Beaker with Faceted Decoration

Object Name: 
Beaker with Faceted Decoration

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Object Name: 
Beaker with Faceted Decoration
Accession Number: 
Overall H: 14.8 cm; Rim Diam: 7.9 cm
On Display
Web Description: 
Roman glassworkers sometimes finished their products by cutting, grinding, and polishing. They had learned these techniques from lapidaries, who employed them in completing works made of semiprecious stone. Very little is known about the tools used in this process, although the Roman writer Pliny provides some information about the working of semiprecious stones with abrasives. The same abrasives were probably also used in the cold-working of glass. Indeed, it is likely that some craftsmen worked with both materials. Some of the glass objects finished by cutting, engraving, and wheel abrading featured faceted decoration. One of them was a conical beaker with 11 rows of mostly diamond-shaped facets made by grinding and polishing. Similar beakers have been found all over the Roman Empire, in Scandinavia, and in Afghanistan.
Smith, Ray Winfield, Source
Primary Description: 
Greenish-colorless glass; blown, turned, cut. Slender conical beaker with splayed foot; rim ground flat, with molding at edge; straight tapering side, which changes angle and curves slightly near bottom; splayed foot, hollow, but with low boss underneath; on wall, between offset and ledge, eleven rows of facets, mostly diamond-shaped, in quincunx, top and bottom rows rounded, top row with small U-shaped facet between each pair.
Metropolitan Museum of Art 2014-12-09 through 2015-04-13
Corning Museum of Glass 2015-05-16 through 2016-01-04
At the end of the first century B.C., glassmakers working in the environs of Jerusalem made a revolutionary breakthrough in the way glass was made. They discovered that glass could be inflated at the end of a hollow tube. This technical achievement—glassblowing—made the production of glass vessels much quicker and easier, and allowed glassmakers to develop new shapes and decorative techniques. One technique, inflating glass in molds carved with decorative and figural designs, was used to create multiple examples of a variety of vessel shapes with high-relief patterns. The molds used to shape this ancient glass were complex in their design, and the mold-blown glass vessels of ancient Rome tell a wealth of stories about the ancient world, from gladiators to perfume vessels, from portraits of a Roman empress to oil containers marked with the image of Mercury, Roman god of trade. Among the earliest workshops to design and create mold-blown glass was one in which a man named Ennion worked. Ennion was the first glassmaker to sign his glass objects by incorporating his name into the inscriptions that formed part of the mold’s design, and thus he stands among a small group of glass workers whose names have come down to us from antiquity. On view through January, 4, 2016, Ennion and His Legacy, is composed of mold-blown master works by Ennion and other Roman glassmakers. The works are drawn from the Corning Museum’s collection of Roman glass, one of the finest in the world. Within the larger exhibit is a smaller exhibit organized by The Metropolitan Museum of Art, Ennion: Master of Roman Glass, which focuses specifically on works made by Ennion. Composed of loans from a number of international institutions and private collections this exhibit within an exhibit brings together many of the known examples of Ennion’s wares and will be on view through October 19, 2015.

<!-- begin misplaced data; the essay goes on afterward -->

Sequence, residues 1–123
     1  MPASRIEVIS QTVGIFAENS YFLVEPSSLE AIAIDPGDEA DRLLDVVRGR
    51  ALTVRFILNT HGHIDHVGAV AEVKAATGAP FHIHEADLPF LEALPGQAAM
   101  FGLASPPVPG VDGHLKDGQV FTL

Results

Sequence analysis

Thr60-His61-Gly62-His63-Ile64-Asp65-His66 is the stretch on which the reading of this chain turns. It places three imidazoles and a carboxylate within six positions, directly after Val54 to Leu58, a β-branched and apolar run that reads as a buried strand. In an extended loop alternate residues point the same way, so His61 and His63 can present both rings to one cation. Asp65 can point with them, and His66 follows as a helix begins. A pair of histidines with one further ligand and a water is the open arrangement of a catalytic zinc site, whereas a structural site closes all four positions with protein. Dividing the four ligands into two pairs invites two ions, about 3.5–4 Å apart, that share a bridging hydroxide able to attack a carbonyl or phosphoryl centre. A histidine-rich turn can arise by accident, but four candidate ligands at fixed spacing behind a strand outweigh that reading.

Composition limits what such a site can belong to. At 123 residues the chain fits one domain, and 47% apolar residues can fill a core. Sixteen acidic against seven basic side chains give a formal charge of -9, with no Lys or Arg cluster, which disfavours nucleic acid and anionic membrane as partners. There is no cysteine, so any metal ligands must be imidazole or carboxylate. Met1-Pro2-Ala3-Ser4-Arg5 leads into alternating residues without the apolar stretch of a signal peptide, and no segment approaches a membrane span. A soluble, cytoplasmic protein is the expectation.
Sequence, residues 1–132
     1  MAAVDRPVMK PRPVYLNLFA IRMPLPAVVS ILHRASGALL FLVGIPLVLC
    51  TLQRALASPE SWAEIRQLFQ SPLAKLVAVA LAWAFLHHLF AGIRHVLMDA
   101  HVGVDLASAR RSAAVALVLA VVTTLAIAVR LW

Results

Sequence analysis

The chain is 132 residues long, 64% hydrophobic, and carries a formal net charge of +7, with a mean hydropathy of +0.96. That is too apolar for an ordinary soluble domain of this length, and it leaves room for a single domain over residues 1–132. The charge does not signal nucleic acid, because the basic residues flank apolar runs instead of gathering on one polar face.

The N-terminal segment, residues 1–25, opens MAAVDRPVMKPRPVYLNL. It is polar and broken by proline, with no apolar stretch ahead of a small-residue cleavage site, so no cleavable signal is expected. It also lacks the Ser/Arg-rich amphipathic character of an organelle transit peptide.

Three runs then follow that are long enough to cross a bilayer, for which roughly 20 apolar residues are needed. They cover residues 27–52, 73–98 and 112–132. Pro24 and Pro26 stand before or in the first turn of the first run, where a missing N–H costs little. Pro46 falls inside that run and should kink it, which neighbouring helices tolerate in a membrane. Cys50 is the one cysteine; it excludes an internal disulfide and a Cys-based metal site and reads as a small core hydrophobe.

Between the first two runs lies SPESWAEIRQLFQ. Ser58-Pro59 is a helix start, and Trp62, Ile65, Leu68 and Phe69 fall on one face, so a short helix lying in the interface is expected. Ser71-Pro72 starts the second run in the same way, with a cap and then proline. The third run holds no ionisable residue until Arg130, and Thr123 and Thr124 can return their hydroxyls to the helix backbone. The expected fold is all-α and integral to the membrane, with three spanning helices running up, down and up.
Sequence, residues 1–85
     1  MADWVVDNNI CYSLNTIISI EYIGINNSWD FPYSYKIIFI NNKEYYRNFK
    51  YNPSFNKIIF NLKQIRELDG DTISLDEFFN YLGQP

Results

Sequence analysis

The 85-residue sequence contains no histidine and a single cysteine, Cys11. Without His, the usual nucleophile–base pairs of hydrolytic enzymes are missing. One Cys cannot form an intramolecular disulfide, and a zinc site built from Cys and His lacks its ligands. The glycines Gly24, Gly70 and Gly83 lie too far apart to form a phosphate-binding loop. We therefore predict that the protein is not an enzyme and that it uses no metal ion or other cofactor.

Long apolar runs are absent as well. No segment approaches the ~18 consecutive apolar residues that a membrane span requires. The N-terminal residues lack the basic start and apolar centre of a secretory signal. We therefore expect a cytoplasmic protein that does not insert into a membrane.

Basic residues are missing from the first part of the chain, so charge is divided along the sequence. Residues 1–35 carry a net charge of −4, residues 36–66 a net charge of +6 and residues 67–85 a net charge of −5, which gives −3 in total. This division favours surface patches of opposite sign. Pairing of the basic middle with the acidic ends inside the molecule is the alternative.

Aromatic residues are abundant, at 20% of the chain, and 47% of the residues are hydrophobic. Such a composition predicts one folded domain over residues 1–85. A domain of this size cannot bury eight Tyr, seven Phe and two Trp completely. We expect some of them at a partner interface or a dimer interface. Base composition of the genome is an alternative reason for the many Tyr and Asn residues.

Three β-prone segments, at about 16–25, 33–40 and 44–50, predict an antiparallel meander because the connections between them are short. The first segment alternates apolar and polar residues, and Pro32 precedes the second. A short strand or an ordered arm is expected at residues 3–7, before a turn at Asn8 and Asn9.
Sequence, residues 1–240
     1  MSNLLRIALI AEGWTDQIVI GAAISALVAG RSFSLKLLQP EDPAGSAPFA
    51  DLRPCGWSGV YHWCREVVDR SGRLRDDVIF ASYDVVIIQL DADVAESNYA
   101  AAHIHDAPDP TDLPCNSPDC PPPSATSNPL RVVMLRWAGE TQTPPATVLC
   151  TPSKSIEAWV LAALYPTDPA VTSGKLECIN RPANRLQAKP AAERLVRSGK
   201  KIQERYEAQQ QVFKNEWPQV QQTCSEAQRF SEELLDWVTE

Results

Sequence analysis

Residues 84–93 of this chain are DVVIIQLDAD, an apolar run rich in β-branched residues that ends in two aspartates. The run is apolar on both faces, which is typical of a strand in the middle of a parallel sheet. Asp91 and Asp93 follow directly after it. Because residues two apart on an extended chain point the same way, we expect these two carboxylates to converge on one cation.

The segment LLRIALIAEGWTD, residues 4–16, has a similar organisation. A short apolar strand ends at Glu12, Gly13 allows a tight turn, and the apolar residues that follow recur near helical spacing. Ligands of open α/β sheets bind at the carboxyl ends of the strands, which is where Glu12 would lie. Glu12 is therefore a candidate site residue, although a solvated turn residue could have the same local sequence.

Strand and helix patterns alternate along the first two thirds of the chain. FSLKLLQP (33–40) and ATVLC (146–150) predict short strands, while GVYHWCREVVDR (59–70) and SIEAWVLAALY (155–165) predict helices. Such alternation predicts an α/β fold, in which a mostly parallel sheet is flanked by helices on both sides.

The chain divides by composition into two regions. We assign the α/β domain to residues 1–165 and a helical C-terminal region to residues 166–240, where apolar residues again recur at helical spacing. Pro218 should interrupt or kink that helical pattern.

Glass of the Caesars
British Museum 1987-11-18 through 1988-03-06
Romisch-Germanisches Museum 1988-04-15 through 1988-10-18
Musei Capitolini 1988-11-03 through 1989-01-31
Corning Museum of Glass
Glass from the Ancient World
Corning Museum of Glass 1957-06-04 through 1957-09-15
Verres Antiques de la Collection R.W. Smith
Musee de Mariemont 1954 through 1954
Fire and Ice: Ancient Glass in the Princeton University Art Museum (2012) illustrated, p. 26, fig. 43;
Afghanistan: Forging Civilizations along the Silk Road (2012) illustrated, p. 59, fig. 10; BIB# 132698
Glass and rock crystal: a multifaceted relationship (1997) illustrated, p. 202 ff.; p. 198, fig. 6;
Roman Glass in The Corning Museum of Glass, Volume One (1997) p. 233, #395; p. 367, #395; BIB# 58895
All About Glass = Garasu Daihyakka (1993) p. 30; BIB# 36566
Glass of the Caesars (1987) illustrated, p. 195, #105; BIB# 31831
Early Roman Faceted Glass (1984) illustrated, pp. 35-58, p. 49, #30;
Glass from the Ancient World: The Ray Winfield Smith Collection (1957) illustrated, pp. 176-177, #357; BIB# 27315